The suggestions aren’t meant to be quick fixes. NAIA, the app’s artificial intelligence-driven coach, is meant to take you on an eight-week journey. That may not be enough time to combat years of neglecting sunscreen, but again, Neutrogena hopes the feedback and any progress you see will encourage you to stick with it.
You can even track your progress with non-Neutrogena products. Rochwerg showed me how he’d added an Aveeno sunscreen he uses, for example. While the app gave me links to five products for my regimen, Drehs Sauers said it’s very unusual for people to buy everything on the list.
In addition to suggesting Neutrogena products, the app is also supposed to give you insight into what products are good for you. There are lots of tailored articles, based on your scores and what areas you said you want to improve. “That’s what a lot of this content and articles provide, are those digestible nuggets to really empower you as a consumer to better know what’s right for you,” said Drehs Sauers.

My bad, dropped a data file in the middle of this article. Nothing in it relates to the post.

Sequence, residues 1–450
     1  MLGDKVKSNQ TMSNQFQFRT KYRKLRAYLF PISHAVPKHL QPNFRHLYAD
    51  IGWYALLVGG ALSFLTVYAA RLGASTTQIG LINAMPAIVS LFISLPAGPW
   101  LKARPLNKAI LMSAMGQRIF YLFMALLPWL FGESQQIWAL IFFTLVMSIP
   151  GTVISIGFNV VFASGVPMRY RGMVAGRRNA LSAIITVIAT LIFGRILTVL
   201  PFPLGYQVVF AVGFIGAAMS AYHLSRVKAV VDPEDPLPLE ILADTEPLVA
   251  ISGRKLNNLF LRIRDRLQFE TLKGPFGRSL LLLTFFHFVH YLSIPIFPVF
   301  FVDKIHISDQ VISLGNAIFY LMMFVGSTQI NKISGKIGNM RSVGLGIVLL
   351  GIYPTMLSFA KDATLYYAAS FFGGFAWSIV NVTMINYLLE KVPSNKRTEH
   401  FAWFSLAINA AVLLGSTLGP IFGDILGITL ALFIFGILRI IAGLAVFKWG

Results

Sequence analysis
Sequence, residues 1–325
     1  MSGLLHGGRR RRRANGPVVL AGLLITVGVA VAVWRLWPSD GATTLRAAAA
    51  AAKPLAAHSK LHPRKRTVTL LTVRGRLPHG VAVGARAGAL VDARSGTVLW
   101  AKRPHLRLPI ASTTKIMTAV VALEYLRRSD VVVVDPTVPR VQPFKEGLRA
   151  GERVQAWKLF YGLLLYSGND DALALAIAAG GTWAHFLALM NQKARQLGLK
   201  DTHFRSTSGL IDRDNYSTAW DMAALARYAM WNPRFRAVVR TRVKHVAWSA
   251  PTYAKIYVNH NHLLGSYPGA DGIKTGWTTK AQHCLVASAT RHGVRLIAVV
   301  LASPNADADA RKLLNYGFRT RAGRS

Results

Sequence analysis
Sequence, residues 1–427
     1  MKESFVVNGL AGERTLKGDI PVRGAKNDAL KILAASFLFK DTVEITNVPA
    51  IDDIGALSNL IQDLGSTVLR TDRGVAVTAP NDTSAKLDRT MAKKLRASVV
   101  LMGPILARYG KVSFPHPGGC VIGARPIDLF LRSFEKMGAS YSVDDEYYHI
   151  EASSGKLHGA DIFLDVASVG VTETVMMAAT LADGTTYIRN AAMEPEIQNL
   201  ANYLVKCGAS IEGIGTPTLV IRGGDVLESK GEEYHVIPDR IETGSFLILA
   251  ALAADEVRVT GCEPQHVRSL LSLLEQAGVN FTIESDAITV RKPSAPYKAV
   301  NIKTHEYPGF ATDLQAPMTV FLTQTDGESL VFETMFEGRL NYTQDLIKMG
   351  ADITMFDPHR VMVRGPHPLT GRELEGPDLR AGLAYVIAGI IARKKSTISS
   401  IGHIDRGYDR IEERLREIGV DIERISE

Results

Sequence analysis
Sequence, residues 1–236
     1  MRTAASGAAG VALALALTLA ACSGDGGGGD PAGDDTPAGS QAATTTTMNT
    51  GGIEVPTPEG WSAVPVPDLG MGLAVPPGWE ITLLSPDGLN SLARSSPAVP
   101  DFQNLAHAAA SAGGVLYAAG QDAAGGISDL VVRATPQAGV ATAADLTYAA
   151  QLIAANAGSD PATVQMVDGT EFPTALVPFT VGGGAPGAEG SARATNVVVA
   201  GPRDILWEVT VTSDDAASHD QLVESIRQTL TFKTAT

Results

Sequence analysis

The photos you snap with the app are supposed to speak for themselves, without taking into account the age you enter, as you see with many other apps. However, when Rochwerg uploaded my photos for the demo, my wrinkle score was 9.9. The higher your score, the less you need to worry about it.
Overall, my score was 8.6 out of 10. When I tried the app myself later, I got a different picture. (I also used different photos.) My wrinkle score had plummeted to 8.7, taking my average score to 8.1. The rest of my scores varied between 0.1 and 1.3 points. Maybe the lack of sleep from the night in between took more of a toll than I realized. The next day, on a full eight hours of sleep, my wrinkles were still the same, but my dark circles were at an all-time low of 5.8. (Still rated “good,” according to the app.)